After retiring from Berkeley, Thornton worked in the crime lab of the Napa Sheriff's Department, where he took charge of the Zodiac case. "I was designated the 'Zodiac Bitch,' because I was the new kid. I had the responsibility of maintaining the files and occasionally dealing with a citizen who would come forward with their suspicions."
Like Laube before him, Thornton was captivated with Penn's observations about radians and Mt. Diablo. "If credible, it would be brilliant, and would provide some insight into the thinking of the Zodiac," he said.
The Zodiac Times
Following up his theories in a 1983-84 series of articles for The Ecphorizer, a San Francisco-based periodical of the genius society Mensa, Penn posited that “Mike O” was working in San Francisco when he committed the Zodiac crimes and teaching at Harvard when he murdered Ms. Webster.
A phone call from then-ABC News producer Dan Goldfarb (below, right) had made the connection.
Prompted by Penn’s increasingly public allegations, “Goldfarb was in Massachusetts, following O’Hare around for a 20/20 story,” Penn told me. “He called all excited: ‘There’s a murder out here that’s exactly like the Zodiac.’ He was almost screaming over the phone.”
Penn elaborated further in two self-published books.
Times 17: The Amazing Story of the Zodiac Murders in California and Massachusetts, 1966-1981 is the alternative yin to Graysmith’s mainstream yang, a hard-to-find underground favorite that sells for hundreds of dollars on eBay or Amazon.
Reading it is like watching an impatient, hypercritical director manipulate a stage full of actors: cynical FBI agents; weary private investigators; a tired, distracted sheriff; lawyers, neighbors, wives, children, witnesses, school teachers, editors, and journalists.
Exit all, but only after Penn paints each with prosaic, impatient chagrin. “The fools,” he seems to be saying. “How can they not see that Michael O’Hare is guilty as Hell and that I am a genius for having discovered his identity?”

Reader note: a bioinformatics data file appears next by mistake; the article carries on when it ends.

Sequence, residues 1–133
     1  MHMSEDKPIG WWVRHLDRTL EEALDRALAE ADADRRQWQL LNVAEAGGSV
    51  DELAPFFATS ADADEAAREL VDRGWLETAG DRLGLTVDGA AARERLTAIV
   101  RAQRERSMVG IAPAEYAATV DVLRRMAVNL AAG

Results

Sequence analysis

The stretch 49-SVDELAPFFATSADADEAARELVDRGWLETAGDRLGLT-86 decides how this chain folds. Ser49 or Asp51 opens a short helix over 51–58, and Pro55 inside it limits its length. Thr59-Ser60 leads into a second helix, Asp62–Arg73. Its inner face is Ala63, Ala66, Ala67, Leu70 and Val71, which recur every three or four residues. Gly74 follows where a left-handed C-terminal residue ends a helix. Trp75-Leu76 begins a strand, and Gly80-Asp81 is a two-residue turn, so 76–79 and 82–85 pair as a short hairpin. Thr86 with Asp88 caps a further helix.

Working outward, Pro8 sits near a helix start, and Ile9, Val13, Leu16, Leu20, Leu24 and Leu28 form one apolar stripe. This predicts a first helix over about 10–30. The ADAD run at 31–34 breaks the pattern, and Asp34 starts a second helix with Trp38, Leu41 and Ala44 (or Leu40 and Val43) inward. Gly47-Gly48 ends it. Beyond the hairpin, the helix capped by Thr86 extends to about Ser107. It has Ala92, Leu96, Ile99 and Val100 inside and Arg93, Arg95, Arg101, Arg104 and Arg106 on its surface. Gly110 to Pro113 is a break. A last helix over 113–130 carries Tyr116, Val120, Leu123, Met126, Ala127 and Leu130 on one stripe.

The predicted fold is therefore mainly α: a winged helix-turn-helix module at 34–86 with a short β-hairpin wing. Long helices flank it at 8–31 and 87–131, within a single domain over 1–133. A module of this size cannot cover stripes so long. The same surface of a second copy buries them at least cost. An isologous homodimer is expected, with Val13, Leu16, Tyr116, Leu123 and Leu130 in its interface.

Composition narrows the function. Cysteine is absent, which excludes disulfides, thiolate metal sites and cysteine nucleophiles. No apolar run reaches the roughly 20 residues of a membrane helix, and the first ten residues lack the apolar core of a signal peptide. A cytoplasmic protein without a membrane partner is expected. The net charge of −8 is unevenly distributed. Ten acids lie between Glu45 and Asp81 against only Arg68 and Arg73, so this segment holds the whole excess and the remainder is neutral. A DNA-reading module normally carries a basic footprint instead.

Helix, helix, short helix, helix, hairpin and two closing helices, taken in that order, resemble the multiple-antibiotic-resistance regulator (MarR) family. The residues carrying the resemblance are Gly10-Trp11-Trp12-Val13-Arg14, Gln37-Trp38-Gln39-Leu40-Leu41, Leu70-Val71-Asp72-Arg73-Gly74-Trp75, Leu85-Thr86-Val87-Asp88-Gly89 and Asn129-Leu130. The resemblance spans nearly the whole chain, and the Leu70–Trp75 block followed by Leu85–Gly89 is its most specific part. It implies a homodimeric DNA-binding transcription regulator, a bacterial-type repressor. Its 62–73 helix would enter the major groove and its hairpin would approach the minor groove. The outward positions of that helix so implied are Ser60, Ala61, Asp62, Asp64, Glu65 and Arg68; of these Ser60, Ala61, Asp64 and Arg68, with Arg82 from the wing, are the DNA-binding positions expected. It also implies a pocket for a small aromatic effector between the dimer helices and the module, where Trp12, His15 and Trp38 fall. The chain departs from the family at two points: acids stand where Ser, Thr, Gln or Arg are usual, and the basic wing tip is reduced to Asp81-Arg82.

An even scarcer follow-up to 1987’s Times 17, 1990’s The Second Power: A Mathematical Analysis of the Letters Attributed to the Zodiac Murderer has Penn’s “microscopic examination of O’Hare and the Zodiac progressing to an almost quantum level,” Jake Wark says. “Where Times 17 provided a theory as to who committed the murders, The Second Power provides one as to why.”
The “why” involves what Wark considers an even more libelous allegation than serial homicide—serial sexual abuse, perpetrated, Penn claims, against O’Hare by his mother Berta.
Absent verifiable evidence, Penn accuses father Eugene O'Hare of beating his wife, and Berta Margoulies-O’Hare of a strange form of revenge—“cuckolding” her husband with her son Michael, starting at the tender age of seven.
With the ciphers, the letters, the phone calls, and the murders that form the Zodiac-Webster corpus delicti, O’Hare had invented his own “private language,” Penn claims, to write a “Book of Secrets” that describes the recurrent sexual abuse in cryptic but graphic detail.
“Decoded” by Penn, words like penis, balls, erect, jizz, creaming, semen, prick, cock, pecker, vagina, womb, hole, hard on, pussy, snatch, and incest emerge.